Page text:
U.S. Capitol Police officials said Wednesday they have “obtained intelligence that shows a possible plot to breach the Capitol by an identified militia group on Thursday, March 4” — the date that far-right conspiracy theorists believe former President Donald Trump will return to power.
The intelligence is being taken “seriously,” the officials said in a statement posted on Twitter.
“We have already made significant security upgrades to include establishing a physical structure and increasing manpower to ensure the protection of Congress, the public, and our police officers, the statement said. “Our Department is working with our local, state, and federal partners to stop any threats to the Capitol. We are taking intelligence seriously. Due to the sensitive nature of this information, we cannot provide additional details at this time.”
The statement issued Wednesday morning follows another Tuesday night in which officials said they had beefed up security.
“The Department is aware of concerning information and intelligence pertaining to March 4th and continues to work with all of our law enforcement partners,” the federal law enforcement agency said in that statement. “Based on the intelligence that we have, the Department has taken immediate steps to enhance our security posture and staffing for a number of days, to include March 4th. The Department has communicated our enhanced posture as well as the available intelligence for the entire workforce.”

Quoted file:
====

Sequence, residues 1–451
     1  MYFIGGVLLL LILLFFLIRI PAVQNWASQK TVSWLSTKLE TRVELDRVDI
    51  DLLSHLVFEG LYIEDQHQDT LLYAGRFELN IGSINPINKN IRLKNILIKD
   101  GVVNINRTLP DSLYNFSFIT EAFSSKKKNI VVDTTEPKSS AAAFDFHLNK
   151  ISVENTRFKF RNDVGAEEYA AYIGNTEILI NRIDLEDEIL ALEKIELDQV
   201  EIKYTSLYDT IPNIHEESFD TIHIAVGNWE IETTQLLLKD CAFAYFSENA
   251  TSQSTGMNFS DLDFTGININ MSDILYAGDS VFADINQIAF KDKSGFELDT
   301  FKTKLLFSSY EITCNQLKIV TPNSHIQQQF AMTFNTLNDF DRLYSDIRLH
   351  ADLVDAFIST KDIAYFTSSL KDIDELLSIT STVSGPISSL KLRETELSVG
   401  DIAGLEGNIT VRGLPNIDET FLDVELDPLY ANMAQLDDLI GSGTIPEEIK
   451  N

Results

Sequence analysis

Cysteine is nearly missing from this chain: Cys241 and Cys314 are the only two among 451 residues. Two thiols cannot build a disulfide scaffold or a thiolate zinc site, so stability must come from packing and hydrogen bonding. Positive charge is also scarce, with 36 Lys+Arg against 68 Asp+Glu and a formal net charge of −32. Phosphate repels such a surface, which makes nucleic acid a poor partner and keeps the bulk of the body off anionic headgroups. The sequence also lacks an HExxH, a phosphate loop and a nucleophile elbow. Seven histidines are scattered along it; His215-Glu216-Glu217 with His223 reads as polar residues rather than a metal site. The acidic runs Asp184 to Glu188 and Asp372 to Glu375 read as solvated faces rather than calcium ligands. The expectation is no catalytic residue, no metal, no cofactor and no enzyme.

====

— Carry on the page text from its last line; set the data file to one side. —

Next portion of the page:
The threats appear to stem from QAnon, the umbrella term for a set of disproven and discredited internet conspiracy theories that allege the world is run by a secret cabal of Satan-worshipping cannibalistic pedophiles. Followers of the fringe movement believe that the 2020 U.S. presidential election was stolen from Trump, who has pushed baseless claims of voter fraud along with his allies.
QAnon followers also believed that Trump would not actually leave office on Inauguration Day but rather would declare martial law, announce mass arrests of Democrats and stop Joe Biden from becoming president. When that didn’t happen, the date was moved from Jan. 20 to March 4, the original inauguration day for all U.S. presidents prior to 1933.
The Federal Bureau of Investigation first labeled QAnon and its fluid online community of supporters as a “dangerous extremist group” in August 2019. A number of individuals believed to be QAnon followers have been charged for their alleged involvement in the deadly insurrection on Jan. 6, when pro-Trump supporters stormed the U.S. Capitol building in Washington, D.C.
On Monday, the U.S. Department of Homeland Security’s Office of Intelligence and Analysis issued a confidential assessment to law enforcement agencies, which was obtained by ABC News, saying that the threat of domestic violent extremism in 2020 — largely driven by “violent anti-government or anti-authority narratives, periods of prolonged civil unrest and conspiracy theories” — is a trend that will likely continue in 2021 and “could escalate to include the targeting of critical infrastructure.”